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Delays in receiving a VAT refund from HMRC can and do occur. What’s the best way to avoid delay?

When a registered company submits its VAT return, there will sometimes be a refund due. This occurs when the business has paid out more in VAT in the qualifying period than it has received. When this happens, the business obviously wants its money back as quickly as possible. However, there are sometimes hold ups, and these can, on occasion, have serious repercussions for the company concerned.

The most obvious impact is on the cashflow of the business. If the refund is substantial, unexpected problems in getting the refund can cause serious damage to the liquidity and trading capability of business.

Delays do occur, so what should you do to avoid them?

A common reason for a delay is that the VAT return has prompted an investigation by HMRC and the refund will not be paid until that investigation is complete to the satisfaction of the VAT inspectorate.

There are several issues which might trigger an investigation:

When the VAT return is submitted, HMRC has 30 days to make any enquiries before they process the return and send any repayment due. HMRC will probably launch an enquiry if the repayment due is especially high, or if it is the first VAT for that business and shows a repayment due. We advise clients to submit a VAT repayment return as soon as possible, and not wait for the actual due date. The 30-day period for HMRC to enquire into your VAT return starts from the day you submit it. So, let’s say your return is due by 7 August for the period ending June 30. If you are anticipating a repayment, then it would be best to submit it at the beginning of July.

Of course, it is also extremely important that a business should make sure that the VAT return is correct and accurate in all aspects. An error in the return stops the 30-day clock, because HMRC will not process the return until it is satisfied that the return is right.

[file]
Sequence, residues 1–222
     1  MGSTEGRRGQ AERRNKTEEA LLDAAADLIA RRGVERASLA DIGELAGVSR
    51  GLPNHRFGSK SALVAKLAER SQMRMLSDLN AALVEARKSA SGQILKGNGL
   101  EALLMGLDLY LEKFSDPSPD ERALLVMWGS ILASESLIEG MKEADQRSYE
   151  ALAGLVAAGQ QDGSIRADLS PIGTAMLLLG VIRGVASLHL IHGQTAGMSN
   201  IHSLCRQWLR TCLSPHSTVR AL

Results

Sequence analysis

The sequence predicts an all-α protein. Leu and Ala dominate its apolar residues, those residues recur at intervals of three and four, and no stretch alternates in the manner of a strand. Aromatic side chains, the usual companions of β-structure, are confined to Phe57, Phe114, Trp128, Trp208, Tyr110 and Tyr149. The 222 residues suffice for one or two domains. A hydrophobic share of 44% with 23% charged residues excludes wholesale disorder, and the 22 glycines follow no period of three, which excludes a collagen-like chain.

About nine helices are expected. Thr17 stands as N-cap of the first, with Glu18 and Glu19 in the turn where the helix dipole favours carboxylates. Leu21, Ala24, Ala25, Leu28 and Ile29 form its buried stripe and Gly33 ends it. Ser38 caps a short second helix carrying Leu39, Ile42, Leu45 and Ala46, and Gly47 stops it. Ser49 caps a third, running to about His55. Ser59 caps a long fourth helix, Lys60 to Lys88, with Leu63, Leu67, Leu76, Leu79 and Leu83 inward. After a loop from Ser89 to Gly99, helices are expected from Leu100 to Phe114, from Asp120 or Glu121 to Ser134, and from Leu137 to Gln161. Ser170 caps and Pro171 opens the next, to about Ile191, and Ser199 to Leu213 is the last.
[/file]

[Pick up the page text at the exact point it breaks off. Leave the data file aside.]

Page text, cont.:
In addition, we always advise that a return which is making a substantial claim for repayment is submitted along with evidence to support the repayment claim. If the claimed VAT repayment is high, or higher than usual, there is a good chance of its being queried. For our clients, when we submit the VAT return, we send evidence for the amounts with copies of VAT invoices and the reason for the claim to pre-empt enquiries. Then, HMRC can see that evidence for your repayment has been provided which is often sufficient to obviate any enquiry.

New businesses are especially vulnerable.

New start ups will often find themselves claiming a VAT refund simply because of set up costs such as property purchase (an extremely problematical issue) on investment in fixtures, fittings and equipment. HMRC will look very closely at these which can cause a delay.

Making sure the claim is 100% accurate, supported by relevant documentation, and submitted as early as possible should help to avoid any hold up in reimbursement.

It is also important, especially for first-timers, to ensure that HMRC has valid bank details to make repayment into your business’s bank account. If there are no UK bank account details available, HMRC issues a payable order which can take ten days to credit your bank account with the repayment.

While cashflow might be the main problem for a business in this situation, it is not the only one: The stress of an HMRC investigation can be onerous, as can penalties levied for erroneous VAT returns. Not to mention that seeking advice incurs professional costs.

VAT is an extremely complex area, both in calculation and submission. It is exactly the reason that Bennett Verby has a team of highly-experienced specialists in-house to make sure our clients pay the right amount of VAT, no more and no less. And always get any refunds in timely fashion.

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